Let's backtrack a little. Below is how the Evelyns' sitting room looked when he-Evelyn last saw it at the beginning of August, 1929. That is, at the end of a month in which he'd received a letter from his wife telling him she had fallen in love with someone else, and in which a fortnight's attempted reconciliation had failed.

Living room at 17a Canonbury Square. ©Alexander Waugh, Waugh Family Archive, Milverton.

The lease was in she-Evelyn's name, so she stayed on and John Heygate moved in with her. They married in August 1930 but they were living together for the year before that.

Anthony Powell (who had gone on holiday to Germany with John Heygate in the summer of 1929) was a friend of both and he visited them at the flat. We know Powell visited them there because of a couple of scenes he wrote in his novel,
Agents and Patients, which came out in 1936. In its pages, we are directed to Canonbury Square from central London via the statue of Sir Hugh Myddleton which is on Islington Green. So we know where we are all right.

'In the sitting room, Sarah stood by the window, eating a slice of bread spread with Gentleman's Relish and holding a cup in her hands.'

Sarah is she-Evelyn. Can you imagine her in the flat above? Bear in mind the room looks very different in 1930, as Tony Powell tells us:

'There were two or three tables in the room, littered with sheets of foolscap, books and tea-things. On one of these were three typewriters and on another a gramophone. A number of newspapers lay about, some of which had been crumpled up and left on the floor. A wide sofa stood in front of the fire, also covered with typescript and books, while the two armchairs were piled high with gramophone records. The two remaining chairs were chromium-plated and had no back legs, the seats being supported by the front legs alone which curved back and united below them. Press cuttings, invitations and snapshots were stuck in the sides of the gilt empire mirror which hung over the mantelpiece.'

Evelyn's 'Bogus' painting would have been put into storage or thrown out. Waugh was never into music, so there may not have been one when he was in residence. And to write he didn't need a typewriter. But he sure did need solitude. He would not have written in this room. Indeed, he took himself away to the Abingdon Arms in order to concentrate.

But let's get back to the day Anthony Powell dropped in on the Heygate and she-Evelyn.

'Stepping over two cats and paying no attention to Sarah, Maltravers walked across the room.'

Maltravers is Heygate. Though, appropriately enough, Maltravers is also the name of Paul Pennyfeather's rival in
Decline and Fall.

'Without taking off his cap he went to one of the typewriters and sat down at it with his feet stretched out in front of him. Then he sighed and began to type. Sarah finished her bread and Gentleman's Relish. She put down her cup on the gramophone and said:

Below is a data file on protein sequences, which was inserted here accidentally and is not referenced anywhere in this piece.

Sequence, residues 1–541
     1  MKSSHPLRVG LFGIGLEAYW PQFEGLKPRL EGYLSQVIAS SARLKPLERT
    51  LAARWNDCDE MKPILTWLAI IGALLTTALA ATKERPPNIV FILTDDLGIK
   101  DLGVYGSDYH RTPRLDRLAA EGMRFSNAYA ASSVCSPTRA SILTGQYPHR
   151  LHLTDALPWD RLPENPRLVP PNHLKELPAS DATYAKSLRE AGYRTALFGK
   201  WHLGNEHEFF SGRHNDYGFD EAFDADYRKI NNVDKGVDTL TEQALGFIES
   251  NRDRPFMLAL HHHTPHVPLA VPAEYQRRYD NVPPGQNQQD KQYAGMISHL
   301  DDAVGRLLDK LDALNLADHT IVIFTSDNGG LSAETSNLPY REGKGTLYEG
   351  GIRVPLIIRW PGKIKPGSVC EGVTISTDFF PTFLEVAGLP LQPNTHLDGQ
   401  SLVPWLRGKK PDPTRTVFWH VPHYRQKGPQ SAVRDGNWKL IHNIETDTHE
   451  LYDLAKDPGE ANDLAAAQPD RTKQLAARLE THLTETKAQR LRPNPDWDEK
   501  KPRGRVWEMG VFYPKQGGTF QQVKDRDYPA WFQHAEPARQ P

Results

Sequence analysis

"Do you want some tea?"


"What sort of a day have you had?"

Maltravers did not answer. He gritted his teeth and went on typing. Sarah poured herself another cup of tea.'

I'm going to go on with this Heygate scene. But first a brief reminder of when it was he-Evelyn and she-Evelyn who shared the flat. It wasn't all sweetness and light then either. Rather, tension and atmosphere.

Screen shot 2015-01-07 at 09.00.51

Maltravers grunted. Then he sniffed several times and began to type away again. While he did this he listened to Sarah gulping tea. Nearly a minute passed before she said:
"I'm going out tonight."

Maltravers jumped up from the chromium-plated chair, tore the sheet of paper out of the typewriter, crushed it in his hand, threw it in the waste-paper basket. He said:

"Why can't I ever have two minutes' peace? Must I be bothered every moment of the day and night by your incessant chattering?"

"I only said that I was going out."

"Well, what of it? I don't care. What business is it of mine? I don't mind whom you go out with. You always talk as if you were going to run away with someone."

"I probably am."

"Well, what do you expect me to do about it?"

"I thought you might like to have some warning."

Maltravers took off his cap and threw it on the table. It fell with its peak in the butter. He said:

"This afternoon I watched a man with a sword who was prodding another man who was gagged and chained and lying on the ground. That's what I feel like in our married life. I lie on the ground caged and chained and you prod me with a sword."

The poor Heygates. Sounds like the two of them made life difficult for each other. Anyway, it didn't last. They divorced in 1936, their relationship having been on the rocks for some time.

It's as if the back-legless chromium-plated chairs had never been there. Not to mention the circular table with
Living and other books resting on it.

From Here by Richard McGuire, 2014.